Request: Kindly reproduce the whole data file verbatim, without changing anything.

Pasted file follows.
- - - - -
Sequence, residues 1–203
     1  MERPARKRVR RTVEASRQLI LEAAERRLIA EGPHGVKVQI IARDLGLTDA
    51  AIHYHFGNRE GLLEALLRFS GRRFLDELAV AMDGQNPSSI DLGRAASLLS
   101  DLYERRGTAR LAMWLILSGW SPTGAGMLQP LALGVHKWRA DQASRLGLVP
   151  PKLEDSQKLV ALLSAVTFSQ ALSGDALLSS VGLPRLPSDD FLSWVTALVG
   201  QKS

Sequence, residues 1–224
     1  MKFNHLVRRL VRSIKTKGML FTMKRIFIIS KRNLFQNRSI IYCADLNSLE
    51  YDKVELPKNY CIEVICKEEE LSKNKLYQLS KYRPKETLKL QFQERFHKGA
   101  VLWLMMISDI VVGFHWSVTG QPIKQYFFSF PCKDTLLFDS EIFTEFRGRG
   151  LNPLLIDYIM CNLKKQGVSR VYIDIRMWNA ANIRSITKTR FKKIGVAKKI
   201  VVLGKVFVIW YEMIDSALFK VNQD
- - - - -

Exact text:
Sequence, residues 1–203
     1  MERPARKRVR RTVEASRQLI LEAAERRLIA EGPHGVKVQI IARDLGLTDA
    51  AIHYHFGNRE GLLEALLRFS GRRFLDELAV AMDGQNPSSI DLGRAASLLS
   101  DLYERRGTAR LAMWLILSGW SPTGAGMLQP LALGVHKWRA DQASRLGLVP
   151  PKLEDSQKLV ALLSAVTFSQ ALSGDALLSS VGLPRLPSDD FLSWVTALVG
   201  QKS

Sequence, residues 1–224
     1  MKFNHLVRRL VRSIKTKGML FTMKRIFIIS KRNLFQNRSI IYCADLNSLE
    51  YDKVELPKNY CIEVICKEEE LSKNKLYQLS KYRPKETLKL QFQERFHKGA
   101  VLWLMMISDI VVGFHWSVTG QPIKQYFFSF PCKDTLLFDS EIFTEFRGRG
   151  LNPLLIDYIM CNLKKQGVSR VYIDIRMWNA ANIRSITKTR FKKIGVAKKI
   201  VVLGKVFVIW YEMIDSALFK VNQD